The Bishops Homily – 13th Sunday In Ordinary Time 2018

13th Sunday In Ordinary Time
Cycle B | 01/07/18
Wis. 1: 13-15, 2: 23-24
2 Cor. 8: 7-15
Mk. 5: 21-43

 

INTRODUCTION: One of the most puzzling doctrines of the Church is grounded on our 1st reading of today from the Book of Wisdom and is given a kind of narrative amplification in the Gospel. “God did not make death…For God formed man to be imperishable; the image of his own nature he made him. But by the envy of the devil, death entered the world.” (Wis. 1:13; 2: 23-24)

(1) How odd this statements are! For death is the most natural thing around! Every living thing dies: trees, plants, insects die! We human beings are no exception to this rule. We are part of the natural world and that world includes death. What could God have meant when he says that he did not make death when it is evidently clear that he did? Are we back to the mythological understanding of things? How can it be that death entered through sin?

It is very important that we put these things in a wide perspective. Death should not be taken here simply in a physical sense as the dissolution of the body. Death is that whole psychological, spiritual, and physical phenomena that we sinners experience. All our experience of death is always connected with sin.

What is death like for us sinners? At the prospect of physical death, we sinners recoil in horror. How come? Because we have become alienated from God through sin. Cut off from God, or at least ambiguous as regards to him, we have the tendency to see death simply as the end or as something unknown and the unknown terrifies us.

We find ourselves unable to surrender and to trust and this leads to a terrible fear of death. This is the death that God did not invent. This is the death that in the words of St. Paul is the wages of sin.

(2) Can we get any idea of what death would be like for someone who never sinned? Yes, we have the example of the Blessed Mother. Popular piety from ancient times has spoken about the dormition (falling asleep) of Mary; not about her death. There is a church in Jerusalem called Church of the Dormition. Mary didn’t die; she just fell asleep!

What does this mean? In the Catechism of the Catholic Church in no. 966: “Finally the Immaculate Virgin, preserved from all stain of original sin, when the course of her earthly life was finished, was taken up body and soul into heavenly glory.”

The sinless Virgin Mary was not meant to live on this earth forever and ever. She was meant to die. How eloquent that her transition from this earthly life to death is not called death in the early tradition of the Church but dormition, one like falling asleep: effortless and without pain like when we sleep at night confident that we will wake up next morning. Mary’s Assumption into heaven is described in ancient devotion as a falling asleep without the accompanying fear we sinners experience in death.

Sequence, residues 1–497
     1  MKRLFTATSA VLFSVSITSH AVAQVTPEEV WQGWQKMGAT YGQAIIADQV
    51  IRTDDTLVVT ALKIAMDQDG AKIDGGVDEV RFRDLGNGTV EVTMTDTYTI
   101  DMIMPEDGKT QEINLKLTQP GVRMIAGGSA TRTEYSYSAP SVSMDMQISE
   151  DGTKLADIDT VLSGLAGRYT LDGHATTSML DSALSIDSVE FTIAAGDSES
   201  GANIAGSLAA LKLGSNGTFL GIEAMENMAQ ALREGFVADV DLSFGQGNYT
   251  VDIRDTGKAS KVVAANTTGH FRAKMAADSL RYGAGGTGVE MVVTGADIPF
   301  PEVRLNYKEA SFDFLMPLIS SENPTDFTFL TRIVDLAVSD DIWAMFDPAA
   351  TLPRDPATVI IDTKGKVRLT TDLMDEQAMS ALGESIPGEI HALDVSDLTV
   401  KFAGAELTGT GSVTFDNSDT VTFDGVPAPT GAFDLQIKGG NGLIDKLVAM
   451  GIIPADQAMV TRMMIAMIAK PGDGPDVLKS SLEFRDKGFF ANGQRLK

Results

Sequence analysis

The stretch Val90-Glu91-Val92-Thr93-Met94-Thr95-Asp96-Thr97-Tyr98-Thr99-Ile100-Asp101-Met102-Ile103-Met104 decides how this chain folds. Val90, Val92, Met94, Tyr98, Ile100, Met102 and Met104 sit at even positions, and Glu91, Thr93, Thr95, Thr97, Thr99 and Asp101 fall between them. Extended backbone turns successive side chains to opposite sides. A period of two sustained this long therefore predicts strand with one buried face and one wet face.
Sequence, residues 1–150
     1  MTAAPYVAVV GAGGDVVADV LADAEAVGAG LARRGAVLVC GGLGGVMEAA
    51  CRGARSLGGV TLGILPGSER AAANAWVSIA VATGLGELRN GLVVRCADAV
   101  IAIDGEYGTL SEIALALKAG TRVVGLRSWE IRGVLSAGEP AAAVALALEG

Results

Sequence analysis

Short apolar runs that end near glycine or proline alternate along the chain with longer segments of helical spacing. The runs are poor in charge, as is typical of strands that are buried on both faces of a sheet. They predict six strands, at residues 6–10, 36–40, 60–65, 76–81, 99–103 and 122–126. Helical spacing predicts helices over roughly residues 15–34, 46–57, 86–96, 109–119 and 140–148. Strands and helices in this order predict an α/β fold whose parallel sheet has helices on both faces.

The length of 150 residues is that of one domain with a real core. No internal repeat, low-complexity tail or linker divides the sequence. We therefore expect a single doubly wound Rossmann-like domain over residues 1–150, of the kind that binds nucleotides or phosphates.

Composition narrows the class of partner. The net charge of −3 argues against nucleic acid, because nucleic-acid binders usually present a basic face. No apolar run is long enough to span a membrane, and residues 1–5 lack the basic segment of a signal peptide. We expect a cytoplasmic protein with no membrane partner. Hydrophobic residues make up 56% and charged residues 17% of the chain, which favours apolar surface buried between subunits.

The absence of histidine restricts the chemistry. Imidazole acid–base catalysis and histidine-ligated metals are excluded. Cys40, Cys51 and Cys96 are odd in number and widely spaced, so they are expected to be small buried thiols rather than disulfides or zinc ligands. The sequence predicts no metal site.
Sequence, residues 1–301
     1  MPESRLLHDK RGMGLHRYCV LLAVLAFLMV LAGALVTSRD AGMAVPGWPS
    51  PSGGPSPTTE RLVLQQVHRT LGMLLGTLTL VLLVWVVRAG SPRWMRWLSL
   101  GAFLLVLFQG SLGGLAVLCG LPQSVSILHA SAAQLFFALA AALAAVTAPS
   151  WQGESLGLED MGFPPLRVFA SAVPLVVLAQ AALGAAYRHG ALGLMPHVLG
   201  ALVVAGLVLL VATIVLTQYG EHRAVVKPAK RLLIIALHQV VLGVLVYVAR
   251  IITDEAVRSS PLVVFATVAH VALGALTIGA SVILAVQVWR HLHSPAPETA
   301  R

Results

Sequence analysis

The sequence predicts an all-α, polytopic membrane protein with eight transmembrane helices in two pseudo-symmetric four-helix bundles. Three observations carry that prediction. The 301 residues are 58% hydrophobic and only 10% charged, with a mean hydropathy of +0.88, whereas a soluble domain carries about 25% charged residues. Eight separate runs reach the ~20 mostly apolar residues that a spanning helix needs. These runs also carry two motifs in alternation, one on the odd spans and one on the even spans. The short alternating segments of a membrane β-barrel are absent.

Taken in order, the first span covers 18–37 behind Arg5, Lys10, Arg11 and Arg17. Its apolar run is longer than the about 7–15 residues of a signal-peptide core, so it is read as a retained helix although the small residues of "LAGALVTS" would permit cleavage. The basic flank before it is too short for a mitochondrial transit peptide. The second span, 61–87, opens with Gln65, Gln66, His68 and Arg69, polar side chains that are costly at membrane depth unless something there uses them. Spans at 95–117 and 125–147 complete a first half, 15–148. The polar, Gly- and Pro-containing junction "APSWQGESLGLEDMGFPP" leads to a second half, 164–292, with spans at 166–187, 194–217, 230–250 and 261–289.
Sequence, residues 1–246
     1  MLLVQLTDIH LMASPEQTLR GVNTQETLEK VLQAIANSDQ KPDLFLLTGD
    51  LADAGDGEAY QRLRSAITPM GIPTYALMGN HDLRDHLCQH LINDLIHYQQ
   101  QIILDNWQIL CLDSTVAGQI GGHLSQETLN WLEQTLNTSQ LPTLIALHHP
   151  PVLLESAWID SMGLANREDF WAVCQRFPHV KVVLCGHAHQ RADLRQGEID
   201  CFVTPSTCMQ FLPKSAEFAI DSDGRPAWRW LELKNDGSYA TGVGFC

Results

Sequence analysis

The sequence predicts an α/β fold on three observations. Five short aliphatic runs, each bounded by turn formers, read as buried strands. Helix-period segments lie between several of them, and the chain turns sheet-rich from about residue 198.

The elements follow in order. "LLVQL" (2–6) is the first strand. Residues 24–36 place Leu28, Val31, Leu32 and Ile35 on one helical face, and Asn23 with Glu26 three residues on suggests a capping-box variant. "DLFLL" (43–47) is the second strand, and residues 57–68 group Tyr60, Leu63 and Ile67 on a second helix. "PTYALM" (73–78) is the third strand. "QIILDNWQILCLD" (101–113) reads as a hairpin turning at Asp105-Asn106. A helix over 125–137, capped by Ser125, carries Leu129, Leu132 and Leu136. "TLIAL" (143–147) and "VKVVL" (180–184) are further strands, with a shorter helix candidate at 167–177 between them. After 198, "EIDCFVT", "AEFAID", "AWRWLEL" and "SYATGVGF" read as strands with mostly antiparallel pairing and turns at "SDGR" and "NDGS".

(3) With this as background, let us read the Gospel about the raising of the daughter of Jairus. There are two details that is worth noting. One is while on the way to the house of Jairus, people met the group with the news that his daughter has died, why bother the teacher further? Jesus disregards the report and tells Jairus: “Do not be afraid! Just have faith.”

Death is what terrifies us the most. This is what terrifies us sinners. In the face of our fiercest fear, Jesus tells Jairus “Just have faith.” Trust is the attitude of someone without sin. That is what God planned from the beginning so that our transition from this earth would become like just a falling asleep.

The second thing of note is Jesus noticed the people wailing and crying out loudly. These are the professional mourners hired just for that on such occasions. Jesus tells the mourners: “The child is not dead but asleep.” The people laughed at him. Mark preserves the Aramaic “Talitha Koum” expression, holding the hand of the girl as if to wake her up. The mourners see death as something so terrible that they wail. Jesus, on the other hand, sees death in God’s perspective as a falling asleep in anticipation of man’s transition to the next life.

CONCLUSION: God sees death like a falling into sleep. God did not invent death as something terrible. A sinless person like the Blessed Mother experiences death as a peaceful falling asleep. The way of Christ enables us to face death in trust rather than in fear.

Most Rev. Antonio R. Tobias, DD
Bishop of Novaliches

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